Back in the faraway, happier world of January 2020, I took on a new film challenge: Watch 52 films directed (or codirected) by women. At just one movie a week, I thought it would be no big deal. It began innocently enough, I enjoyed heading out to my local theater to support my fellow woman and looked forward to more coming out, especially in the summer. Then, well, we all know how the world just stopped. For a little while, it stopped me too, but I would not be defeated. If I had to stay at home, I would continue to find films by women on various streaming services. There are plenty out there, you just have to look!
And I found so much! Films by women across the world telling amazing, inspiring and empowering stories. Most are very recent films, as women are gaining more opportunities, respect and notoriety (finally!). But I could not let this challenge go without finding at least one film by the great Agnès Varda and I found her classic from 1962, Cléo de 5 à 7.
Admittedly, I wrote less once the pandemic hit. Despair, being stuck at home and the relentlessness of motherhood kept my fingers away from the keyboard. But I gave myself a break and just told myself to watch, learn, listen and write when you feel inspired to do so. I thank you few readers who keep coming back.
Here is the grand list of the films I watched and their directors. Each film was new to me. A new voice, a new perspective and many, many wonderful stories I’m happy to see told.
- Paris is Burning (Jennie Livingston, 1990)
- The Turning (Floria Sigismondi, 2020)
- Honeyland (Tamara Kotevska, Ljubomir Stefanov, 2018)
- Can You Ever Forgive Me (Marielle Heller, 2018)
- Birds of Prey (Cathy Yan, 2020)
- The Matrix (Lana and Lilly Wachowski, 1999)
- Appropriate Behavior (Desiree Akhavan, 2014)
- The Photograph (Stella Meghie, 2020)
- Mansfield Park (Patricia Rozema, 1999)
- Troop Zero (Bert and Bertie, 2019)
- Honey Boy (Alma Har’el, 2019)
- It’s Kind of a Funny Story ( Anna Boden and Ryan Fleck, 2010)
- Portrait of a Lady on Fire (Céline Sciamma, 2019)
- Bridget Jones’s Diary (Sharon Maguire, 2001)
- Mary Queen of Scots (Josie Rourke, 2018)
- The Spy Who Dumped Me (Susanna Fogel, 2018)
- The Lodge (Severin Fiala and Veronika Franz, 2019)
- Obvious Child (Gillian Robespierre, 2014)
- Late Night (Nisha Ganatra, 2019)
- Becoming (Nadia Hallgren, 2020)
- 13th (Ava DuVernay, 2016)
- The Virgin Suicides (Sofia Coppola, 1999)
- Wendy and Lucy (Kelly Reichardt, 2008)
- The Old Guard (Gina Prince-Bythewood, 2020)
- Can’t Hardly Wait (Harry Elfont and Deborah Kaplan, 1998)
- The Edge of Seventeen (Kelly Fremon Craig, 2016)
- They (Anahita Ghazvinizadeh, 2017
- Summer of 84 (Anouk Whissell, François Simard and Yoann-Karl Whissell, 2018)
- Cléo de 5 à 7 (Agnès Varda, 1962)
- 7 Semanas (Constanza Figari, 2016)
- Mostly Martha (Sandra Nettelbeck, 2001)
- The Love Witch (Anna Biller, 2016)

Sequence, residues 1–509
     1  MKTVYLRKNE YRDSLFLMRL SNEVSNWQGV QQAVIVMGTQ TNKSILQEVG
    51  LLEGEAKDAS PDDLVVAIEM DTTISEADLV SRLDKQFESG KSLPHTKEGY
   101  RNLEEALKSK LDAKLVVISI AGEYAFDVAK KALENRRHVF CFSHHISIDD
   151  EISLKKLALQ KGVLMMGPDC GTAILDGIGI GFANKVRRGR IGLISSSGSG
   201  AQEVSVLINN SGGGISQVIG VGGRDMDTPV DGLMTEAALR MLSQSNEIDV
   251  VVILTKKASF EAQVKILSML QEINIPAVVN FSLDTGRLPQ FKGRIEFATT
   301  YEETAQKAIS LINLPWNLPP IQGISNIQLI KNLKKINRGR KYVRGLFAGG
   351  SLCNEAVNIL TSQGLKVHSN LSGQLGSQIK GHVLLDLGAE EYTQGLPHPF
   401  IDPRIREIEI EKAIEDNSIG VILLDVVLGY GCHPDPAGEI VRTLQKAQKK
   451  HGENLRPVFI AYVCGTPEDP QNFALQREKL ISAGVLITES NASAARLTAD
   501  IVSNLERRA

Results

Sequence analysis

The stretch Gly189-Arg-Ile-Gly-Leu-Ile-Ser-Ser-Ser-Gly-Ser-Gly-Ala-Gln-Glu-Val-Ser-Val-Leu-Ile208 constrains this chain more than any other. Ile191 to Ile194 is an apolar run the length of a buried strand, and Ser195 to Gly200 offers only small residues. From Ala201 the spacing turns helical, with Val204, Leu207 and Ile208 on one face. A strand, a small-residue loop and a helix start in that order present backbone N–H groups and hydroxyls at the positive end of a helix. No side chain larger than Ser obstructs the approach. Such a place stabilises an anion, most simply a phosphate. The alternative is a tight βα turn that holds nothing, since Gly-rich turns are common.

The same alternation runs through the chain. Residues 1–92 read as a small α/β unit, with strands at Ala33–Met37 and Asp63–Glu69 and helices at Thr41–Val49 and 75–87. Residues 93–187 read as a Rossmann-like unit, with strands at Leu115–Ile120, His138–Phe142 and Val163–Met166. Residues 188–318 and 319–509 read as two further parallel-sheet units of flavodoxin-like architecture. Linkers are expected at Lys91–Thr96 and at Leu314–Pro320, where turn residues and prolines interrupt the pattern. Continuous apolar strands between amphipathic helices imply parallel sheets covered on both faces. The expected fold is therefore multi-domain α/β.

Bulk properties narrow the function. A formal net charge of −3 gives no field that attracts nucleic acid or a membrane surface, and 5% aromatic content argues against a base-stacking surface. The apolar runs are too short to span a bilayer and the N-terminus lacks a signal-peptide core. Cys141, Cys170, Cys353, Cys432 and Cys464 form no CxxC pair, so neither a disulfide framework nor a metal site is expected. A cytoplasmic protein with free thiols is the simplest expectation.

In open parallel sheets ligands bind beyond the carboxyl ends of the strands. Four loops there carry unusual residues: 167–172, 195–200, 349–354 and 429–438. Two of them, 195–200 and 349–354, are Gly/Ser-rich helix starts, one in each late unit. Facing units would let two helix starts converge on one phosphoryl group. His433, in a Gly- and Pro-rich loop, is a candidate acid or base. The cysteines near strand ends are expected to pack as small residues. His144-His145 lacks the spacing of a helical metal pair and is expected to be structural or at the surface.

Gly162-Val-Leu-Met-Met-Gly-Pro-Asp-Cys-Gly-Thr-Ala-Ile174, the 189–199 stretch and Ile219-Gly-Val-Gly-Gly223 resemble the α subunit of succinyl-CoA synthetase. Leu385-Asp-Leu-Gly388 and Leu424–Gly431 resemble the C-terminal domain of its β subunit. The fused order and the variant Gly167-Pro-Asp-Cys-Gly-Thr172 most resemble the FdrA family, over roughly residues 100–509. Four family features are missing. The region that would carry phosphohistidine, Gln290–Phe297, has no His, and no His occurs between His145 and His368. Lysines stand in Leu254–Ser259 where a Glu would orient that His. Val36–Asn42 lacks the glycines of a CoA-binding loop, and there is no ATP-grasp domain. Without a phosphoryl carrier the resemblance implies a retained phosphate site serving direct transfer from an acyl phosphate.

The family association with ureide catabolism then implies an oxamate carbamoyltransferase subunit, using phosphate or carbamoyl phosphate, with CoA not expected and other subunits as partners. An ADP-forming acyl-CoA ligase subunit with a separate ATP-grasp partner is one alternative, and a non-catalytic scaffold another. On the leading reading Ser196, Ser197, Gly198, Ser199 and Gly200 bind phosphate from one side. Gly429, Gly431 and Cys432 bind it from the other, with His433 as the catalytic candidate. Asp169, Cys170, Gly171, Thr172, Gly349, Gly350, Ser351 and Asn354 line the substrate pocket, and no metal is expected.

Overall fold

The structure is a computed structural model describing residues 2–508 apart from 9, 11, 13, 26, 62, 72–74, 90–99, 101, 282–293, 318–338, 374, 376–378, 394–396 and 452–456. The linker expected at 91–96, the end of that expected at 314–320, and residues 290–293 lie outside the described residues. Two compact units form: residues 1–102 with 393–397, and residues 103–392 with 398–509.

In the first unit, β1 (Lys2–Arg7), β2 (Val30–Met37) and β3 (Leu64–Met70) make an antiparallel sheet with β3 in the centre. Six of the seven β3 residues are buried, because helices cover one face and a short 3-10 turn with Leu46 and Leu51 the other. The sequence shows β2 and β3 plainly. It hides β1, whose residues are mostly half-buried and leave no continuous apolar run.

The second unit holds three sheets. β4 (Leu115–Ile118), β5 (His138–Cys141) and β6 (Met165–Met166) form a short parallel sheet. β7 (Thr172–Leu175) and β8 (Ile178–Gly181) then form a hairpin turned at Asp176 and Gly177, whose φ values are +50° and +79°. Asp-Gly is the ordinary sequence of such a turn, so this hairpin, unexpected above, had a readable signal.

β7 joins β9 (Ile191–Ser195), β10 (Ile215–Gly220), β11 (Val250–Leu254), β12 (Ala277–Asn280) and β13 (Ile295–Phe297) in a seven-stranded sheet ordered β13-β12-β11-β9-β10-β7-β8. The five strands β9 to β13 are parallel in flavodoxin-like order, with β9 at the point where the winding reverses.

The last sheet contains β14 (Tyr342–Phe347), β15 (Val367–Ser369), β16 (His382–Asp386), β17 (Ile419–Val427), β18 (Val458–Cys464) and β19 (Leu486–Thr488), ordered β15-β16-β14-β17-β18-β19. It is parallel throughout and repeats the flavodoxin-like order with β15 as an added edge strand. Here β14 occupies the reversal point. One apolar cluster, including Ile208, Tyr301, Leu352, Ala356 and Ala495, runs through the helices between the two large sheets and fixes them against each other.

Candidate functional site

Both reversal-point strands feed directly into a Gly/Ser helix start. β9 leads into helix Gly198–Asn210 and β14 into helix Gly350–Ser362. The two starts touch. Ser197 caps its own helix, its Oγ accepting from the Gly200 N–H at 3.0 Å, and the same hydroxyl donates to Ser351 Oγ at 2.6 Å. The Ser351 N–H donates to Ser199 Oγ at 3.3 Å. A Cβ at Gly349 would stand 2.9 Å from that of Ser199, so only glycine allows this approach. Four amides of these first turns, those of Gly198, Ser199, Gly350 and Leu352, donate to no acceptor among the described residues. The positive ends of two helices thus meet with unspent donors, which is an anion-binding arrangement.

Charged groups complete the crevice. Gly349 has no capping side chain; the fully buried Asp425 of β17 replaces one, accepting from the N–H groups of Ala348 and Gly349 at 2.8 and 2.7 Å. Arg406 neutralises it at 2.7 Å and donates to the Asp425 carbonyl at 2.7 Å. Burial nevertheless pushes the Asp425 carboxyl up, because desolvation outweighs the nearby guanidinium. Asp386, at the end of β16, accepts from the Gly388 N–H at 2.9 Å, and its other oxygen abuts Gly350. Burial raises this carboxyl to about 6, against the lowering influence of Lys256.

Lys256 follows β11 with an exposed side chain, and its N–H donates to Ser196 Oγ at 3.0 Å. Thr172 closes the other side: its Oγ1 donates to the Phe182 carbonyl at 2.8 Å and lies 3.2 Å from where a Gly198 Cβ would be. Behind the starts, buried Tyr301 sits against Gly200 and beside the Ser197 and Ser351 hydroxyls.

- A Girl Walks Home Alone At Night (Ana Lily Amirpour, 2014)
- Unpregnant (Rachel Lee Goldenberg, 2020)
- RBG (Julie Cohen and Betsy West, 2018)
- The Bookshop (Isabel Coixet, 2017)
- Paris pieds nus (Lost In Paris) (Dominique Abel and Fiona Gordon, 2016)
- Fine Lines (Dina Khreino, 2019)
- Harriet (Kasi Lemmons, 2019)
- The Secret Garden(Agnieszka Holland, 1993)
- Frida (Julie Taymor, 2002)
- Yes, God, Yes (Karen Maine, 2019)
- Happiest Season (Clea DuVall, 2020)
- Amulet (Romola Garai, 2020)
- Emma. (Autumn de Wilde, 2020)
- Mulan (Niki Caro, 2020)
- Godmothered (Sharon Maguire, 2020)
- Girlhood (Céline Sciamma, 2014)
- She Dies Tomorrow (Amy Seimetz, 2020)
- Judy and Punch (Mirrah Foulkes, 2019)
- Little Joe (Jessica Hausner, 2019)
- Wonder Woman 1984 (Patty Jenkins, 2020)
Here are a few of my favorites that I highly recommend:
-Lost in Paris is such a fun, wacky and heartwarming film with Buster Keaton inspired style.
-Harriet is one of the most enjoyable biopics I’ve ever seen, taught me a lot about Harriet Tubman and Cynthia Erivo is a wonderful actress.
-13th is an eye-opening documentary dropping facts about the systematic racism within our criminal justice system like bombs. Everyone should see it.
-Mulan is a beautiful, grown-up update of the 90s Disney classic, I wish I could have seen it in theaters.
-A Girl Walks Home Alone at Midnight is a mesmerizing Arianian horror film shot beautifully in black and white. I’d like to give it another watch and add it to my October Haunts one day.
-Yes, God, Yes is a surprisingly relatable film for any former Catholic teens in the early 2000s. Even if you don’t fit in that odd subgroup, it’s a smart, funny ride through an awkward chapter in a teen girl’s life.
-Happiest Season is a wonderful new Christmas film about family, pressure and coming out. I was surprised how emotionally invested I became in the story. It’s funny, sweet, heartfelt and has a wonderful cast.
“A Girl Walks Home Alone at Midnight” is excellent.
If you do a similar project this year (or even if you don’t) I would recommend Shadow in the Cloud. Quite bonkers and thoroughly enjoyable.
Very cool, thanks for the suggestion! I plan to make it a habit to regularly seek out films directed by women from now on, so keep the suggestions coming.